Seminar: How to Reimagine Bollywood by Prof. Ashish Rajadhyaksha
Dates: 4th December 2017
Time: 15:30 – 17:00
How to Reimagine Bollywood
Bollywood has produced numerous conundrums: as a kind of copycat version of a Hollywood original, it has been a source of some irritation to Indian filmmakers. As a new kind of cultural economy, including fashion, tourism, food and investment destinations, Bollywood has been a brand ambassador for numerous industries: but in the process, it has also become far removed from, and far in excess of, the cinema. Bollywood is presented at its most complex when it is widely seen, as with Aamir Khan’s recent successes in China, as the soft power arm of India, except that the Indian state has no control over it, and no capacity to leverage its global reach. Most corporate interests in the entertainment sector trying to ride on Bollywood’s success have also had a hard time converting an obvious interest in all things Indian into a stable market for a new economy. This presentation tracks the origins and key uses of the concept, and also the consequences of the Bollywood conundrum: is it an industry in its own right, or merely a refraction of other industries in India and elsewhere? Does it have economic existence or is it a countercultural chimera, to be consumed on the margins of the world’s creative industries?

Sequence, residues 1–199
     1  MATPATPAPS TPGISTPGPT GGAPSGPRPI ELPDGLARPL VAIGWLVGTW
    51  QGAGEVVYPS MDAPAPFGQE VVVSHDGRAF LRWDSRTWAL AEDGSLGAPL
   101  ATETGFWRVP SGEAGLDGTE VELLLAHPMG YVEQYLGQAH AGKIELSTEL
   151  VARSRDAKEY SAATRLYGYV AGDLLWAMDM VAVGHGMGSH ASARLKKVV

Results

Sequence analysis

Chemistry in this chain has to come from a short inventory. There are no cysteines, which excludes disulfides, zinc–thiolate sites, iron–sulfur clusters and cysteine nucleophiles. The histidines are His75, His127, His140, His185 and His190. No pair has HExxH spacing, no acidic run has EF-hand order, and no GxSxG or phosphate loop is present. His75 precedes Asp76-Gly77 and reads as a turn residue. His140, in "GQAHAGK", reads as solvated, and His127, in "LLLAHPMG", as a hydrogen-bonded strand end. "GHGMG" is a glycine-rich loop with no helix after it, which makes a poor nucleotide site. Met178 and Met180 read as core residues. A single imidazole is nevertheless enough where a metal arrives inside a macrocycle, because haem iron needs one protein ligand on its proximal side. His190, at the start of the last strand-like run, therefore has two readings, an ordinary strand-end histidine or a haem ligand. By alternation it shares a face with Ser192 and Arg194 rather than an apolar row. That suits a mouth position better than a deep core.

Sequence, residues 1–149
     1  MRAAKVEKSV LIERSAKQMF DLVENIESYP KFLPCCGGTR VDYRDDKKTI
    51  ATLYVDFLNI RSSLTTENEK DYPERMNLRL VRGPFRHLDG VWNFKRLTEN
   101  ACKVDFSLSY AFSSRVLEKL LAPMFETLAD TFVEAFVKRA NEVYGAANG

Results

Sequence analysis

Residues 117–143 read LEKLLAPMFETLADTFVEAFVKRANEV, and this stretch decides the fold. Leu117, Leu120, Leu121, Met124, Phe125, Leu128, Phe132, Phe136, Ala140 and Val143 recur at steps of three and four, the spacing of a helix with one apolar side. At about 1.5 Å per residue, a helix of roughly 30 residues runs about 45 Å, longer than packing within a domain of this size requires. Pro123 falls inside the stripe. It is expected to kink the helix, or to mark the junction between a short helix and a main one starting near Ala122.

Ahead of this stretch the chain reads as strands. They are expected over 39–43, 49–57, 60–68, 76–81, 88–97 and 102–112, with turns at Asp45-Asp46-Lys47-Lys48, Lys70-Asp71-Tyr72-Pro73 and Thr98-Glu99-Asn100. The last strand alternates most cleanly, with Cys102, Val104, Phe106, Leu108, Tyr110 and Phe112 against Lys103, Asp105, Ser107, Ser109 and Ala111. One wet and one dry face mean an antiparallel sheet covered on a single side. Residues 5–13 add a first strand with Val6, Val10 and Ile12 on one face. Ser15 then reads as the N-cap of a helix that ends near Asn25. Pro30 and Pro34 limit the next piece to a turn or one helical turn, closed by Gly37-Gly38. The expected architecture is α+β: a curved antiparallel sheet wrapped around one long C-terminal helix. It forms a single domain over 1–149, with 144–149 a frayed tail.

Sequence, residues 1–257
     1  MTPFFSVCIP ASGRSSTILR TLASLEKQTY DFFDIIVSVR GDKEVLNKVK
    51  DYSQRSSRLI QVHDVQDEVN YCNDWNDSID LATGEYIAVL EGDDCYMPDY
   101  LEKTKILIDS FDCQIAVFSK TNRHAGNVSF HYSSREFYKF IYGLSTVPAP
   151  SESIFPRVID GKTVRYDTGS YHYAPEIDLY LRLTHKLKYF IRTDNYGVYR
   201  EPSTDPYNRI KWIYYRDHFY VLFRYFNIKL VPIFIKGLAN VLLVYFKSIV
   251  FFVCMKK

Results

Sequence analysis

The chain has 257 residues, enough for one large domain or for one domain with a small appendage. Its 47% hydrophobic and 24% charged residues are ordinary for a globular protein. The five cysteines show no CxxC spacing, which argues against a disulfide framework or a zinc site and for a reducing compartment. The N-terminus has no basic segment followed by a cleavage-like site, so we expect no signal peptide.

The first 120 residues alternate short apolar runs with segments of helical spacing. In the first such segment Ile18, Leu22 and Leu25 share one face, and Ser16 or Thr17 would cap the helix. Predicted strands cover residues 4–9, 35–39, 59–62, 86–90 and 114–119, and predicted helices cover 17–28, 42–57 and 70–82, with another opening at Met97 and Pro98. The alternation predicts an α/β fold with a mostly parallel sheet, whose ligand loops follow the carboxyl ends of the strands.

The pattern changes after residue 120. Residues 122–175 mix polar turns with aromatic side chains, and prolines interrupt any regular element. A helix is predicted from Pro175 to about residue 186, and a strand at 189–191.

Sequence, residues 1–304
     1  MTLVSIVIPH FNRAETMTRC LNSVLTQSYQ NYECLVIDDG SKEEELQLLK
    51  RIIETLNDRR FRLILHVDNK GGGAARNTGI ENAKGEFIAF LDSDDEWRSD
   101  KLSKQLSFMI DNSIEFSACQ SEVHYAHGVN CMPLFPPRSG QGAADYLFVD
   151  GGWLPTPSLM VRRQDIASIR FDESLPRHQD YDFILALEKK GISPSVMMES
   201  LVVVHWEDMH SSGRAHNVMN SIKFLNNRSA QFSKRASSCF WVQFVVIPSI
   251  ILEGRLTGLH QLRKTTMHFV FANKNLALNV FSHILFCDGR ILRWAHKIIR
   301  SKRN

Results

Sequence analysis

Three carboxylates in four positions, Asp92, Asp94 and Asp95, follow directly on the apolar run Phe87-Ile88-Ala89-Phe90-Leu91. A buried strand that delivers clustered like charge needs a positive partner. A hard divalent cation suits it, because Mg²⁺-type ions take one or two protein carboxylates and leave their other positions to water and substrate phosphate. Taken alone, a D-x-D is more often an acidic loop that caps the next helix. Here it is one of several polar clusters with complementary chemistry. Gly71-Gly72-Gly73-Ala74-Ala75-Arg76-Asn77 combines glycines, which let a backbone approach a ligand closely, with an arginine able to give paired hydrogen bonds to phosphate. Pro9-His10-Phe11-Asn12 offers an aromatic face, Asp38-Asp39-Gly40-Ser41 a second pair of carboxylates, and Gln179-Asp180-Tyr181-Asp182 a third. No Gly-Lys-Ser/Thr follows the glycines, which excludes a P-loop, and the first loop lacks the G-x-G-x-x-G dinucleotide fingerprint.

Ashish Rajadhyaksha is a noted cultural theorist and film scholar. He is currently Professor of Practice in the Department of Cultural Studies at Lingnan University. He has written and published widely in the area of Indian cinema, India’s cultural policy, and on the visual arts. He is the co-editor (with Paul Willemen) of the Encyclopaedia of Indian Cinema (published in 1999 and 2001 by the British Film Institute). His books include The Last Cultural Mile: An Inquiry into Technology and Governance in India (2011) and Indian Cinema in the Time of Celluloid: From Bollywood to the Emergency (2009). He has curated a number of film and art events, including (with Geeta Kapur) Bombay/Mumbai 1991-2001 for the exhibition Century City: Art and Culture in the Modern Metropolis (2002) and You Don’t Belong (China/Hong Kong, 2012/13).